“All of the big operators were visited, and received an official warning, and they will be charged if they persist. According to the guards, they’re getting instructions from [Garda headquarters in] Phoenix Park,” he said.

The matter will be raised at a meeting of the Galway City Joint Policing Committee on Monday.
This is a shortened preview version of this article. To read the rest of the story, see this week’s Galway City Tribune. You can buy a digital edition HERE.

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CITY TRIBUNE

Call for 50% affordable homes in new Galway City Council estates

Stephen Corrigan

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From this week’s Galway City Tribune – The next Galway City Development Plan should include a greater provision for affordable housing than that recommended by Government, a meeting of the City Council has heard.

Cllr Declan McDonnell (Ind) told the meeting that while it was the Government’s intention to introduce a stipulation that new estates should have 10% affordable housing, Galway should go further – building anything up to 50% affordable in developments that are led by the local authority.

The Affordable Housing Bill, which is currently working its way through the Oireachtas, proposes that all developments should have 10% affordable and 10% social housing as a condition of their approval.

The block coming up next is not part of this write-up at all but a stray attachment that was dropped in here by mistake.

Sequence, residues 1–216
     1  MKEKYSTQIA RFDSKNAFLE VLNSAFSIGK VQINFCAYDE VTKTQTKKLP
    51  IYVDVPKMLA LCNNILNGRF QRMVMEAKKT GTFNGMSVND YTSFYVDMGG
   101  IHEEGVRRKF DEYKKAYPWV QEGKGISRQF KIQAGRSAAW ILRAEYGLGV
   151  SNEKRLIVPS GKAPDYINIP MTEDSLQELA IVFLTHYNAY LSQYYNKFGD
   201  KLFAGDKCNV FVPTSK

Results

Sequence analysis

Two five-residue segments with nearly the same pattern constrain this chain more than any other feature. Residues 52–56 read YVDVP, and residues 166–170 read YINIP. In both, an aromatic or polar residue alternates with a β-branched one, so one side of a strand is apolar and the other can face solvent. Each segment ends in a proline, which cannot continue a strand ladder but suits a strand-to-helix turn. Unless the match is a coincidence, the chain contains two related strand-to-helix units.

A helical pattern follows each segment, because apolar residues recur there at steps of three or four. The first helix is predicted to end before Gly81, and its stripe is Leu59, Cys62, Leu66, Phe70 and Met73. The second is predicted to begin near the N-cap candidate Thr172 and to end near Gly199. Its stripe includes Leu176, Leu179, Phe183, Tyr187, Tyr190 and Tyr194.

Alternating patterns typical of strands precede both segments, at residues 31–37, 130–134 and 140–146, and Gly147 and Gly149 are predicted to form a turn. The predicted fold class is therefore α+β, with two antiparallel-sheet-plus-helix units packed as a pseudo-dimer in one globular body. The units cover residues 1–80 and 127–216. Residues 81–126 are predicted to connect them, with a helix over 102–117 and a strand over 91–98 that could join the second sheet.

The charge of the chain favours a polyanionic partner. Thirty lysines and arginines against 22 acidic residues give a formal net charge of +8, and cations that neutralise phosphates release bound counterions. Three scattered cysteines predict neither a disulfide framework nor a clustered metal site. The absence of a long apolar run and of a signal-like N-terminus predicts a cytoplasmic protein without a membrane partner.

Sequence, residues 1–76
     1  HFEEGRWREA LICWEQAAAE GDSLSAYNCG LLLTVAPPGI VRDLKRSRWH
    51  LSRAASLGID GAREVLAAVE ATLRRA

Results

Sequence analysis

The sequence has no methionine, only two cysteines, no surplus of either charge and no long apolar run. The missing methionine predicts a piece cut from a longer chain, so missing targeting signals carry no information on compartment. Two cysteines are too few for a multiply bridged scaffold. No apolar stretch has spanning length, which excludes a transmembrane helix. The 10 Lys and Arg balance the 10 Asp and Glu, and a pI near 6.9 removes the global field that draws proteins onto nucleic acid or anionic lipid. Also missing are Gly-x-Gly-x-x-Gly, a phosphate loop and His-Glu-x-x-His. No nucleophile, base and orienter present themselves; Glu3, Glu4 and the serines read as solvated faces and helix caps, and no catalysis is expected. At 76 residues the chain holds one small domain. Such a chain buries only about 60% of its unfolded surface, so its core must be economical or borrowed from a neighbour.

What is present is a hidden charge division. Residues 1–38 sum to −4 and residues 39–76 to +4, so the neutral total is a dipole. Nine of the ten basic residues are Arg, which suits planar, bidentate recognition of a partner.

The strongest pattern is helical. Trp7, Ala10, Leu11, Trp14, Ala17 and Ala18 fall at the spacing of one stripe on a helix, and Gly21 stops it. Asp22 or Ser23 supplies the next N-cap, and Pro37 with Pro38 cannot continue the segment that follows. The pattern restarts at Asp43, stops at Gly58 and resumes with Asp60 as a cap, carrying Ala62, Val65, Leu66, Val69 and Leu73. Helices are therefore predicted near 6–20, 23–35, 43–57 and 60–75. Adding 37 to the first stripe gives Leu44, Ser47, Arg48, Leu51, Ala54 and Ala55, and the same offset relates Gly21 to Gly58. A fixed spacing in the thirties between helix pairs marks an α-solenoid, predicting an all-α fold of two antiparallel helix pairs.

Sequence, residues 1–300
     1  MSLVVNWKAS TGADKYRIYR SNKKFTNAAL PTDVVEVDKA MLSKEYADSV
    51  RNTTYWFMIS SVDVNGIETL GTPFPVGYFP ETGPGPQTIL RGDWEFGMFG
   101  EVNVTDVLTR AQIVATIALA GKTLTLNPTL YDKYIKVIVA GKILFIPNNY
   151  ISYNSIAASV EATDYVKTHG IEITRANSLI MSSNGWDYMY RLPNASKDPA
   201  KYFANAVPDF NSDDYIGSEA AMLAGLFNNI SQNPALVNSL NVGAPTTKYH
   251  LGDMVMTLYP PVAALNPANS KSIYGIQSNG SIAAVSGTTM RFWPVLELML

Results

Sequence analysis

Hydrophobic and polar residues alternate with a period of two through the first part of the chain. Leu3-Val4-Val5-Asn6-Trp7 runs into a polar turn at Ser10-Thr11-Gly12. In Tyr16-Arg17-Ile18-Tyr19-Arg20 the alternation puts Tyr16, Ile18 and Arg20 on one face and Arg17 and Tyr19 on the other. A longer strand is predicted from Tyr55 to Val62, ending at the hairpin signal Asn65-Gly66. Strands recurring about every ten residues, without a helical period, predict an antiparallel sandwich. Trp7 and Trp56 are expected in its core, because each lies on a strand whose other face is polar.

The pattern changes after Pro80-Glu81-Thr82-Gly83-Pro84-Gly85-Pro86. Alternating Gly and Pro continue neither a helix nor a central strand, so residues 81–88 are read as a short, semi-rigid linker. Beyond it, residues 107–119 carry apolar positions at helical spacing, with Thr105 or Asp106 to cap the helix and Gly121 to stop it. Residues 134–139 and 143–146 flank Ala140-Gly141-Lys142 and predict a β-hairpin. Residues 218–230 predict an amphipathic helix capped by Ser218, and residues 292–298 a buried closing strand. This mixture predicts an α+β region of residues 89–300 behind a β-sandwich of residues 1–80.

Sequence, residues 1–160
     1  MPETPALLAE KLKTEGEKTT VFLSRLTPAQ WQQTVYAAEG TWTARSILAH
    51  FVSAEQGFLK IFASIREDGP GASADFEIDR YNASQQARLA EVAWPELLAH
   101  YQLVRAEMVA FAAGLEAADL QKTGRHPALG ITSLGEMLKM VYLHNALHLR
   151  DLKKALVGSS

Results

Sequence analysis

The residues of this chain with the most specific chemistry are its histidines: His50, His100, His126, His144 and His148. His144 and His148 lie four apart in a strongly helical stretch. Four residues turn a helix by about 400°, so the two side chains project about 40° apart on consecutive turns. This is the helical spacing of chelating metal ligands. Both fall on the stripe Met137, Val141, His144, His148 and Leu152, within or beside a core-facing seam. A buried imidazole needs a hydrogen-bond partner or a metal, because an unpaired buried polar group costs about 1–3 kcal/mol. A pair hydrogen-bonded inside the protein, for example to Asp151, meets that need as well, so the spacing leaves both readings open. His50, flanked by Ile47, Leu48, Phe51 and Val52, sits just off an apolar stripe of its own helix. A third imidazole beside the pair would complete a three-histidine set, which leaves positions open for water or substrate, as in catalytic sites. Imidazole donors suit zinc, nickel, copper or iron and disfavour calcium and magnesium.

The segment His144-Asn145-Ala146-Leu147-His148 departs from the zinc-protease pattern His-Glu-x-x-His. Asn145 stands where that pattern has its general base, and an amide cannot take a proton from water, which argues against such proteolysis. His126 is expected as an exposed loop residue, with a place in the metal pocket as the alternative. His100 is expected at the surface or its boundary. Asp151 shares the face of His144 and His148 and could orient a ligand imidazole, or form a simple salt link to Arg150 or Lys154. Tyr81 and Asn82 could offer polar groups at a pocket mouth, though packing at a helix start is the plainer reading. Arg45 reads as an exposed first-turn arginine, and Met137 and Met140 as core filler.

Affordable housing schemes help lower-income households buy their own houses or apartments in new developments at significantly less than their open market value, while social housing is provided by local authorities and housing agencies to those who cannot afford their own accommodation.

The Council meeting, part of the pre-draft stage of forming the Development Plan to run from 2023 to 2029, was to examine the overarching strategies that will inform the draft plan to come before councillors by the end of the year and Cllr McDonnell said a more ambitious target for affordable housing was absolutely necessary.

“It must be included that at least 50% of housing must be affordable [in social housing developments],” he said.

This sentiment was echoed by Cllr Eddie Hoare (FG) who questioned if the City Council was ‘tied down’ by national guidelines, or if it could increase the minimum percentage of affordable housing required locally.
This is a shortened preview version of this article. To read the rest of the story, see this week’s Galway City Tribune. You can buy a digital edition HERE.